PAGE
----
U.S. Customs and Border Protection has extended from Oct. 28 to Nov. 15 the comment period on a proposal to create a procedure for the disclosure of protected information to a trademark owner when goods bearing suspected counterfeit trademarks have been voluntarily abandoned.
If CBP suspects that an imported article bears a counterfeit mark it may detain the article for up to 30 days, during which time it may disclose limited importation information to the owner of the mark if doing so would help determine whether the mark is counterfeit. However, this disclosure does not occur when goods are voluntarily abandoned, which is what often happens to the low-value shipments that are increasingly typical of e-commerce transactions if CBP detains them on suspicion of an IPR violation.
To address this emerging enforcement problem, CBP is proposing to add a new paragraph to 19 CFR 133.21 under which it would disclose the same comprehensive importation information provided to trademark owners when goods have been seized in cases where goods have been voluntarily abandoned if it suspects that (a) the successful importation of those goods would have violated U.S. trade laws prohibiting imports of goods bearing counterfeit marks and (b) disclosure would assist CBP in its IPR enforcement mission. Such information includes the date of importation, the port of entry, a description of the goods, the quantity and country of origin of the goods, and the name and address of the manufacturer, exporter, and importer.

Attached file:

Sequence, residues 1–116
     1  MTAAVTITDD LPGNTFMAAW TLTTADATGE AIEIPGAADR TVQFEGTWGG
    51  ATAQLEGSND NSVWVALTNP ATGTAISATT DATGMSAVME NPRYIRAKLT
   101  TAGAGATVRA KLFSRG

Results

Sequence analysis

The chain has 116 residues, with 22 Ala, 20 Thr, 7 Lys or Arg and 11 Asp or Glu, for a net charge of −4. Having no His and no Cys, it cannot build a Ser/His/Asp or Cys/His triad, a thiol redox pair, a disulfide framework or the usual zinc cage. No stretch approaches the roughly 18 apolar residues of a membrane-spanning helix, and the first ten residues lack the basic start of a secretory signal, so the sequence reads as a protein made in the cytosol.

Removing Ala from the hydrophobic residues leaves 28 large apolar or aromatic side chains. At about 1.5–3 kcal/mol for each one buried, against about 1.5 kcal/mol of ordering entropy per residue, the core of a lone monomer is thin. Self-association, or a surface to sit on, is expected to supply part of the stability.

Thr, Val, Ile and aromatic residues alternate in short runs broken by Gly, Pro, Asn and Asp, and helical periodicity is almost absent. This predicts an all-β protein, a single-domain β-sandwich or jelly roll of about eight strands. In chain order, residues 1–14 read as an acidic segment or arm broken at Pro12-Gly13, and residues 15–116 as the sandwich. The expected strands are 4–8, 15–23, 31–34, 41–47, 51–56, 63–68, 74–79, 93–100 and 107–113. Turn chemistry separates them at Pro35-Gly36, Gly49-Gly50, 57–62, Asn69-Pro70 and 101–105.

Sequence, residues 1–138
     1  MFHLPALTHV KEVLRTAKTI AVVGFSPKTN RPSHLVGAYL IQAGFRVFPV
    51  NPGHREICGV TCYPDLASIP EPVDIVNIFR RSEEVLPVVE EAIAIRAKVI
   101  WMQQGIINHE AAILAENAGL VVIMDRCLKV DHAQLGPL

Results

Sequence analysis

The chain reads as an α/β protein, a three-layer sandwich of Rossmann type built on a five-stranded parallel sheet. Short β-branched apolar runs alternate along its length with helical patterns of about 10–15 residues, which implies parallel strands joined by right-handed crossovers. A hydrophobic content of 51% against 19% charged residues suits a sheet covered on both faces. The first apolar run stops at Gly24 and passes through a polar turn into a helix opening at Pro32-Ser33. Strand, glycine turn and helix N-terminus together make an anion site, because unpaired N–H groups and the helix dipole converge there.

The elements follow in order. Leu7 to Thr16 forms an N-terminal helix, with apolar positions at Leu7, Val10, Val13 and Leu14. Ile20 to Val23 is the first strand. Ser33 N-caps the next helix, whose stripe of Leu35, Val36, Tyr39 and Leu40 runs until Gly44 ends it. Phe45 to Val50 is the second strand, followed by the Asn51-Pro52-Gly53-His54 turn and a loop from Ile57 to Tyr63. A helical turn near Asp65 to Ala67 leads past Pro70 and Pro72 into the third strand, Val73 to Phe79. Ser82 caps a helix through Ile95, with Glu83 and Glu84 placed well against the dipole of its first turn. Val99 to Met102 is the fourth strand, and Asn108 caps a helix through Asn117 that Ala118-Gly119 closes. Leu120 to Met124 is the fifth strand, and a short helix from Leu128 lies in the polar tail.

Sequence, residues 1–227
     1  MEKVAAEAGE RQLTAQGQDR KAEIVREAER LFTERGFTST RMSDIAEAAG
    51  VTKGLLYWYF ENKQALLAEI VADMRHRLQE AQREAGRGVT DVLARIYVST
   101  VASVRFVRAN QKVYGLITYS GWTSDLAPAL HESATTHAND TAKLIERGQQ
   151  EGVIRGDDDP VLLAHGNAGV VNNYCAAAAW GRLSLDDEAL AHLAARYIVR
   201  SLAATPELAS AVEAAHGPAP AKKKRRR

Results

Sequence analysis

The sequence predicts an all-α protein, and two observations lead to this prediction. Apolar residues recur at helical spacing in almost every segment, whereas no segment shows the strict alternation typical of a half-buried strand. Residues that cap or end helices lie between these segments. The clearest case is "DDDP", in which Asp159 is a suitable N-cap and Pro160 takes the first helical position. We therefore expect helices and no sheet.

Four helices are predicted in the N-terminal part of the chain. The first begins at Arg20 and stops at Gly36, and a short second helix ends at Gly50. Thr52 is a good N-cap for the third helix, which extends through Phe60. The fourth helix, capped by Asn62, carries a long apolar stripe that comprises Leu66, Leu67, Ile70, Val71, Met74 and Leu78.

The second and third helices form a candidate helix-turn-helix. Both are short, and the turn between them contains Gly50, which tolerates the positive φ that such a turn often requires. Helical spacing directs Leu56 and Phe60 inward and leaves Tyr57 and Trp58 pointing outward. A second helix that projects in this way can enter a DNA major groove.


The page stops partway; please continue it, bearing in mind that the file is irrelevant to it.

For more information on IPR-related trade issues and/or the impact of this proposed rule, please contact customs and trade attorney Lee Sandler at (305) 894-1000.
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